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Smart Cities for Recovery and Reconstruction in the Aftermath of a Disaster

  • Yoriko Tsuchiya
Chapter
Part of the New Frontiers in Regional Science: Asian Perspectives book series (NFRSASIPER, volume 35)

Abstract

As a measure against global warming, smart cities are being built to reduce the use of carbon by introducing renewable energy, securing dispersed and autonomous power supply, and managing energy at the scale of the city. Following the Great East Japan Earthquake of March in 2011, the concept of a smart city has gained considerable interest in Japan as a measure for controlling energy to improve disaster prevention ability and resilience to disasters. For shaping a smart city, energy-saving equipment and energy management systems should be introduced by using energy control technology, etc. Managing and controlling energy by means of a storage battery makes it possible to employ renewable energy sources such as solar power and to utilize energy potential. Furthermore, optimization and stabilization of energy supply and demand too can be contributed.

In this chapter, features of public–private partnership projects related to a smart city in the operational stage are described, which has been being developed for the reconstruction of afflicted areas. First, I will describe the concept and definition of smart city in Japan are explained, and then four cases of smart cities from Miyagi Prefecture are introduced. These four cases are “Alai Green City Project” as post-disaster public housing; “Tago West Project” as post-disaster public housing–general housing, mixed type; “Higashimatsushima Eco-Town Project” as post-disaster public housing–business complex type; and “Akaiwa Port Eco-Marine Processing Estate Project” as factory type.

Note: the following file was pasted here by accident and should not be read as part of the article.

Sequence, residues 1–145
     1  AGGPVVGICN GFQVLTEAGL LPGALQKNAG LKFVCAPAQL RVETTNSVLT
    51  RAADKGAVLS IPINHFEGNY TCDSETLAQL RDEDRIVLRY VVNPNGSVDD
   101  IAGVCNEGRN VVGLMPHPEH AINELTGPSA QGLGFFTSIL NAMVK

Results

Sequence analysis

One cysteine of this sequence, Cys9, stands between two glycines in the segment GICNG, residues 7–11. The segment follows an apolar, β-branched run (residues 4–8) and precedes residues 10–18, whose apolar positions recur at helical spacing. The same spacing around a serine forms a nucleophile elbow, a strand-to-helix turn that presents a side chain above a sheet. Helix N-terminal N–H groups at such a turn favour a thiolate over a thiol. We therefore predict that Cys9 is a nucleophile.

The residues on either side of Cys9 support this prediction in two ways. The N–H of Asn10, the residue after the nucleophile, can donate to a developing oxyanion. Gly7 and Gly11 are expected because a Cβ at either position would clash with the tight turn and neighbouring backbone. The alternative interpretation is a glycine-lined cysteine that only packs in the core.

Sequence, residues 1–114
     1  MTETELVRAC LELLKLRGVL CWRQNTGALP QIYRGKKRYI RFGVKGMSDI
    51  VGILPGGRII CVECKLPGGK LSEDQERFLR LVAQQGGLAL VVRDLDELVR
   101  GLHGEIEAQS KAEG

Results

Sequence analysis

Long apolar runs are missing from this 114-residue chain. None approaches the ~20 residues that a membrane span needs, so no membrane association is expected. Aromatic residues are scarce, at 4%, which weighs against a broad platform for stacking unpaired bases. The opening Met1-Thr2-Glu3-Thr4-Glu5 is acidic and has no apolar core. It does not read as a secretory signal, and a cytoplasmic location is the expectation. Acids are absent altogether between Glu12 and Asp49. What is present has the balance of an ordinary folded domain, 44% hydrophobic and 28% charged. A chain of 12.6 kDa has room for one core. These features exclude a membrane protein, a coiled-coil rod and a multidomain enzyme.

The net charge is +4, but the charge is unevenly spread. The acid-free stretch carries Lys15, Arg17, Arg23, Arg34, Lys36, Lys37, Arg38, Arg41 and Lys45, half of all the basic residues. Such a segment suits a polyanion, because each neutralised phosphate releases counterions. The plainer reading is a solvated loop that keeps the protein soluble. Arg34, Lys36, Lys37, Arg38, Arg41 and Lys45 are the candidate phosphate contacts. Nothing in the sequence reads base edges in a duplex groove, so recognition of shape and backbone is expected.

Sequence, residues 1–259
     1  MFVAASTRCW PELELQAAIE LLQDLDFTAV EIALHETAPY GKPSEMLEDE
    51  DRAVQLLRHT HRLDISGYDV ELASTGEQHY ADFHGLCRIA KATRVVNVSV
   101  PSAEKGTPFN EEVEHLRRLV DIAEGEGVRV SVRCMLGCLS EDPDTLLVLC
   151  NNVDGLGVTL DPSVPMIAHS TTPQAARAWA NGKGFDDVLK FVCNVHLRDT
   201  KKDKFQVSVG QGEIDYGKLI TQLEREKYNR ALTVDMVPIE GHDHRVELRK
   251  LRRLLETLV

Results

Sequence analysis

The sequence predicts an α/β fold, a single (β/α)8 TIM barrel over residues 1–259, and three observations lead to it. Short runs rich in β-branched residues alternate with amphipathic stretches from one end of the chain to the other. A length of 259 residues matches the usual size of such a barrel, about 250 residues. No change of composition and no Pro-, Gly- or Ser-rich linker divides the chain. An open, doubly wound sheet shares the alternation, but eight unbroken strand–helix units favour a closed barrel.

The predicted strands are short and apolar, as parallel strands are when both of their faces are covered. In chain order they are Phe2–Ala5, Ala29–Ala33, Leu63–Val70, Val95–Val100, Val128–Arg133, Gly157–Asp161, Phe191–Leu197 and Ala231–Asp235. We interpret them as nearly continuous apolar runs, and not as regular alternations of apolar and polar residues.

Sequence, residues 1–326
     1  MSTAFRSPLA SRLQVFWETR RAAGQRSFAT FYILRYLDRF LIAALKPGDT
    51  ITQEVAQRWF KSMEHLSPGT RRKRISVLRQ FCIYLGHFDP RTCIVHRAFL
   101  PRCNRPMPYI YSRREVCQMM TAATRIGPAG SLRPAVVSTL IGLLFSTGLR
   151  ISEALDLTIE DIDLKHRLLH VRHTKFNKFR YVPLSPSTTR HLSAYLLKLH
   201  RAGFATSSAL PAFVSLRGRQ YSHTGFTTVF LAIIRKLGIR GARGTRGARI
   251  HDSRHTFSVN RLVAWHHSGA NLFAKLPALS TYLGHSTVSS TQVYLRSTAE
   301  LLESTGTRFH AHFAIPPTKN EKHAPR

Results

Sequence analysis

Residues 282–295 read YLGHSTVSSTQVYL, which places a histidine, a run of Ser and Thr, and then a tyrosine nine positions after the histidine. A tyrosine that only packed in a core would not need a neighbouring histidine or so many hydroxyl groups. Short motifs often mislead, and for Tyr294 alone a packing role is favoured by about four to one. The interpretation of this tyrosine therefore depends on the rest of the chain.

In the planning stage of these projects, in addition to HEMS or BEMS for housings, also the networking of multiple facilities and introduction of large-scale energy infrastructure such as storage batteries and renewable energy are being studied. However, in Japan, presently, only limited part of the plan has been operationalized in power supply and its flexible distribution. In the next stage of operation, further improvement of the infrastructure, stability of profit structure, and reinforcement of the organization management to sustain electric power supply will be essential.

Keywords

Resilience Power supply, solar photovoltaics Storage battery Energy management system Post-disaster reconstruction project 

Notes

Acknowledgments

I would like to thank the management companies and local governments of the afflicted areas who cooperated in the survey. This research was supported by JSPS KAKENHI, Grants-in-Aid for Scientific Research (S) 24221010.

References1

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Copyright information

© Springer Nature Singapore Pte Ltd. 2019

Authors and Affiliations

  • Yoriko Tsuchiya
    • 1
  1. 1.Organization for the Strategic Coordination of Research and Intellectual PropertiesMeiji UniversityTokyoJapan

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